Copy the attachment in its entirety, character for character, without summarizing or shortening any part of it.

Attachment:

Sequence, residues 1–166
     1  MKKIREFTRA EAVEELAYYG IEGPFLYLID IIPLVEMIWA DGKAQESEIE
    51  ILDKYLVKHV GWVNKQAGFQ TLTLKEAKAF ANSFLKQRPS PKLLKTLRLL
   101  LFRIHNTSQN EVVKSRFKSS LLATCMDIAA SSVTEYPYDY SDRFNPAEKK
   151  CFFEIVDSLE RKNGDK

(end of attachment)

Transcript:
Sequence, residues 1–166
     1  MKKIREFTRA EAVEELAYYG IEGPFLYLID IIPLVEMIWA DGKAQESEIE
    51  ILDKYLVKHV GWVNKQAGFQ TLTLKEAKAF ANSFLKQRPS PKLLKTLRLL
   101  LFRIHNTSQN EVVKSRFKSS LLATCMDIAA SSVTEYPYDY SDRFNPAEKK
   151  CFFEIVDSLE RKNGDK